Dental restorative composites generally consist in an organic polymerized matrix, inorganic fillers such as quartz, borosilicate, silica and silane-coupling agent, which connects the inorganic fillers to the organic matrix [3,4]. The latest development in the field was the introduction of nanofilled materials, by combining nanosized particles and nanoclusters in a conventional resin matrix. Nanofilled materials offer excellent wear resistance, strength and ultimate esthetics due to their exceptional polishability and shinny appearance [5,6].

In the polymer reinforced materials, the adhesion between the reinforcing phase and the matrix is of great importance and it is controlled by the following factors: i) the particles surface on which chemical bonds are formed with the functional groups of the matrix; ii) the particle surface roughness which extend the effective area for physical contact with the matrix.

It is known that the micro- and nanosized particle surfaces have a fractal nature that can be characterized by the fractal dimension and other fractal parameters. The geometry of the interface between matrix and filler particle can be used to compute the interfacial fractal dimension, D. The smoothness or straightness of a curve can be expressed by the fractal dimension, D, where 1 £ D £ 2 [7]. A perfect smooth line has D=1, while a highly irregular line has D=2. Similarly, the surface irregularities and roughness are also characterized by the fractal dimension, with 2 £ D £ 3, where D=2 corresponds to a perfectly smooth surface, while D=3 to a highly disordered one. Thus, the interface between the filler particles and polymeric matrix can be quantified [8].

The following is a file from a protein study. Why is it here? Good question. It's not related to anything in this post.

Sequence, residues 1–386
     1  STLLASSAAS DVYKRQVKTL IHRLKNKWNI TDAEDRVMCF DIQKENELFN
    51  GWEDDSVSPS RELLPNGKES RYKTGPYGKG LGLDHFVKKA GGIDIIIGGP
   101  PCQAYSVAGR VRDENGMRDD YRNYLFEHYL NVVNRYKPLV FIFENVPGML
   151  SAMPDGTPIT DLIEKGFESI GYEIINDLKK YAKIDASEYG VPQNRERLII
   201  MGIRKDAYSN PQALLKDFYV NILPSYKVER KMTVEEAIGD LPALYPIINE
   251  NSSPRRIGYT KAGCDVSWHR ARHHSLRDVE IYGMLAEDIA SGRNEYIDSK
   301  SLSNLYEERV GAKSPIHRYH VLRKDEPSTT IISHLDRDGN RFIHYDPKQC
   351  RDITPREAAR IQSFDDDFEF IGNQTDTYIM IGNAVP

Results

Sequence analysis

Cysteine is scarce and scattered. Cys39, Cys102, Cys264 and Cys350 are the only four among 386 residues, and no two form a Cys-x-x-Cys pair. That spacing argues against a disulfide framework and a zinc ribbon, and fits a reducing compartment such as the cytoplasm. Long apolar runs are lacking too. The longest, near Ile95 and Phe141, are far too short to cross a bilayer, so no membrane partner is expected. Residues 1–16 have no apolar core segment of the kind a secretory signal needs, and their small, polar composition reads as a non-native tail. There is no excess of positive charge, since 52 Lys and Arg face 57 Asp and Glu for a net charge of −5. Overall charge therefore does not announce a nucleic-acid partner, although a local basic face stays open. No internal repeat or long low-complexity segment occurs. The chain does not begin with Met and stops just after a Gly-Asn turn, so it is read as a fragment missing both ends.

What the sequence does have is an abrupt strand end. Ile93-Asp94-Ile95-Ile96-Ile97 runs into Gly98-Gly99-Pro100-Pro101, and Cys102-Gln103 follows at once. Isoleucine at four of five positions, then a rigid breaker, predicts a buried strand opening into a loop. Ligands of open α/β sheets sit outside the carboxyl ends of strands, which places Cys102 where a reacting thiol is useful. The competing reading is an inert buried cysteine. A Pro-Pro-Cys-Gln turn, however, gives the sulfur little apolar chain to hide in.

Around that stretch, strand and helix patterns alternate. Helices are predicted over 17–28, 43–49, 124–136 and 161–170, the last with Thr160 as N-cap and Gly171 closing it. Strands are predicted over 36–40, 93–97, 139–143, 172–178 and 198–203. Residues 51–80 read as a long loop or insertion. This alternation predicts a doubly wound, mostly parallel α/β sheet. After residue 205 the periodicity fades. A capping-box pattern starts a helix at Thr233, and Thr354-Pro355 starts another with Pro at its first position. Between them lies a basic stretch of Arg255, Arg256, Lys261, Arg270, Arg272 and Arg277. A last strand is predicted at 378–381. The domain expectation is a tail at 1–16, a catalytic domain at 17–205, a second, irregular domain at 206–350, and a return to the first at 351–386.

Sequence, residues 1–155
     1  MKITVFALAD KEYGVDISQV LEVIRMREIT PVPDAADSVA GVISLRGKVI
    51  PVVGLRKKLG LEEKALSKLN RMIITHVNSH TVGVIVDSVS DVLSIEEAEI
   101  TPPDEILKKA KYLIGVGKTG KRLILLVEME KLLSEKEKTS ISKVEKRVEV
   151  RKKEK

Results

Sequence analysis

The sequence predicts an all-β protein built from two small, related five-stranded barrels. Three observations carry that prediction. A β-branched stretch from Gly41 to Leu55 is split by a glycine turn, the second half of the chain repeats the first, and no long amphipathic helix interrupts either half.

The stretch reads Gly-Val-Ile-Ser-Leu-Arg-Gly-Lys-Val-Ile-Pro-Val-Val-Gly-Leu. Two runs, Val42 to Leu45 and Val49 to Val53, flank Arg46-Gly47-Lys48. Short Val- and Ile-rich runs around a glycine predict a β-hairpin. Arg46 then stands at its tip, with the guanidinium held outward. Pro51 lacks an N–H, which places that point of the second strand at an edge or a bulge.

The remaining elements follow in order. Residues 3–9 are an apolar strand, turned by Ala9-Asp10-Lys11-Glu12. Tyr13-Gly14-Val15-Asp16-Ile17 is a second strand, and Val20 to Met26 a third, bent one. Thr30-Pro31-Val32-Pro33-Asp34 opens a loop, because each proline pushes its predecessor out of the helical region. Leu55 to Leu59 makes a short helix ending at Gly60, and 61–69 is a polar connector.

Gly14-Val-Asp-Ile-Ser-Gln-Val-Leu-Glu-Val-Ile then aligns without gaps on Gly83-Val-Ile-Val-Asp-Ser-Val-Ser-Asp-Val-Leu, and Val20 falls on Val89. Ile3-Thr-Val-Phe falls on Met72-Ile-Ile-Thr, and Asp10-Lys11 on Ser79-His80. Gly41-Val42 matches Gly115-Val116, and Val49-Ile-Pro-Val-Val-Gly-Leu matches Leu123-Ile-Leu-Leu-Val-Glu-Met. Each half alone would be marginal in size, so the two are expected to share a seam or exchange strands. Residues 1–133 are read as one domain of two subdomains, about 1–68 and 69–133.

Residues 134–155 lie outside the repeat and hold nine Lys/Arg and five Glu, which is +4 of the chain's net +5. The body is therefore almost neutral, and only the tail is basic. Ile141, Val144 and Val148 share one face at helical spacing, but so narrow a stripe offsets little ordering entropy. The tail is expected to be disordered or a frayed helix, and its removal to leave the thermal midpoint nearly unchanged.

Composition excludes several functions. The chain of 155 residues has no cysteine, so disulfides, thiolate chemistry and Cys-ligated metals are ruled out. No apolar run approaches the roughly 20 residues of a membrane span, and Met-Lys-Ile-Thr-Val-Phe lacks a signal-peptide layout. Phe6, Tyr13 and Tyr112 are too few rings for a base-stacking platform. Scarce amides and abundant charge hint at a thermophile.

Several specialized software were developed to perform fractal analysis. Generally, they express a fractal dimension called the box counting fractal dimension or DB. The DB is the slope of the regression line for the log-log plot of box size (or scale) and count from a box counting scan. The ratio quantifies the increase in detail with increasing magnification or resolution seen in fractals but also in microscopy. It is measured by the ratio of increasing detail with increasing scale (ε).

The aims of the present study were to evaluate and compare the microstructure of two commercial resin based restorative nano-composites using the fractal analysis.

  1. Experimental technique and materials

Two commercial composite resins: Filtek Ultimate and Filtek Supreme XT (3M ESPE) were selected for this study [9,10]. The compositions of the studied composite according to the producer’s specifications are presented in Table 1, where similar dentin shades (A3) were used. Twenty cylindrical samples of each material having 5 mm in diameter and 2 mm in width were prepared by placing them in cylindrical anti-sticking pre-molds, of ring shape. The specimens were polymerized using the high intensity visible light given by a LED unit with the emitted wavelengths between 440 and 460 nm (Optilight LD Max, Gnatus, Ribeirao Preto, Sao Paulo, Brasilia). The photo-polymerization time was 40 seconds.